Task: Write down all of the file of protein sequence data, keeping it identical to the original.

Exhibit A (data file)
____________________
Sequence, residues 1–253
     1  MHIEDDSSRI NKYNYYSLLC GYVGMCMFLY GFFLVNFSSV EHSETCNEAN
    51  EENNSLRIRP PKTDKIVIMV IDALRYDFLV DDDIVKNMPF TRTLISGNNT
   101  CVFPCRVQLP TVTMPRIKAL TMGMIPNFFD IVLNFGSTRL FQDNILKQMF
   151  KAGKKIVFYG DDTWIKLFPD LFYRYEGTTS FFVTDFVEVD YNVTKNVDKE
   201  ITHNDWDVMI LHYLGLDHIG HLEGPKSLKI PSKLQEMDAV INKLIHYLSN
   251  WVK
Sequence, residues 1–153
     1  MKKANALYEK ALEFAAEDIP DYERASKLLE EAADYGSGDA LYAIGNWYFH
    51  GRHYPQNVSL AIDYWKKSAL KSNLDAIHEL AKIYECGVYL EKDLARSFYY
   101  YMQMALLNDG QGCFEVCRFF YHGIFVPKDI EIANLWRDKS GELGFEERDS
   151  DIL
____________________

Sequence, residues 1–253
     1  MHIEDDSSRI NKYNYYSLLC GYVGMCMFLY GFFLVNFSSV EHSETCNEAN
    51  EENNSLRIRP PKTDKIVIMV IDALRYDFLV DDDIVKNMPF TRTLISGNNT
   101  CVFPCRVQLP TVTMPRIKAL TMGMIPNFFD IVLNFGSTRL FQDNILKQMF
   151  KAGKKIVFYG DDTWIKLFPD LFYRYEGTTS FFVTDFVEVD YNVTKNVDKE
   201  ITHNDWDVMI LHYLGLDHIG HLEGPKSLKI PSKLQEMDAV INKLIHYLSN
   251  WVK
Sequence, residues 1–153
     1  MKKANALYEK ALEFAAEDIP DYERASKLLE EAADYGSGDA LYAIGNWYFH
    51  GRHYPQNVSL AIDYWKKSAL KSNLDAIHEL AKIYECGVYL EKDLARSFYY
   101  YMQMALLNDG QGCFEVCRFF YHGIFVPKDI EIANLWRDKS GELGFEERDS
   151  DIL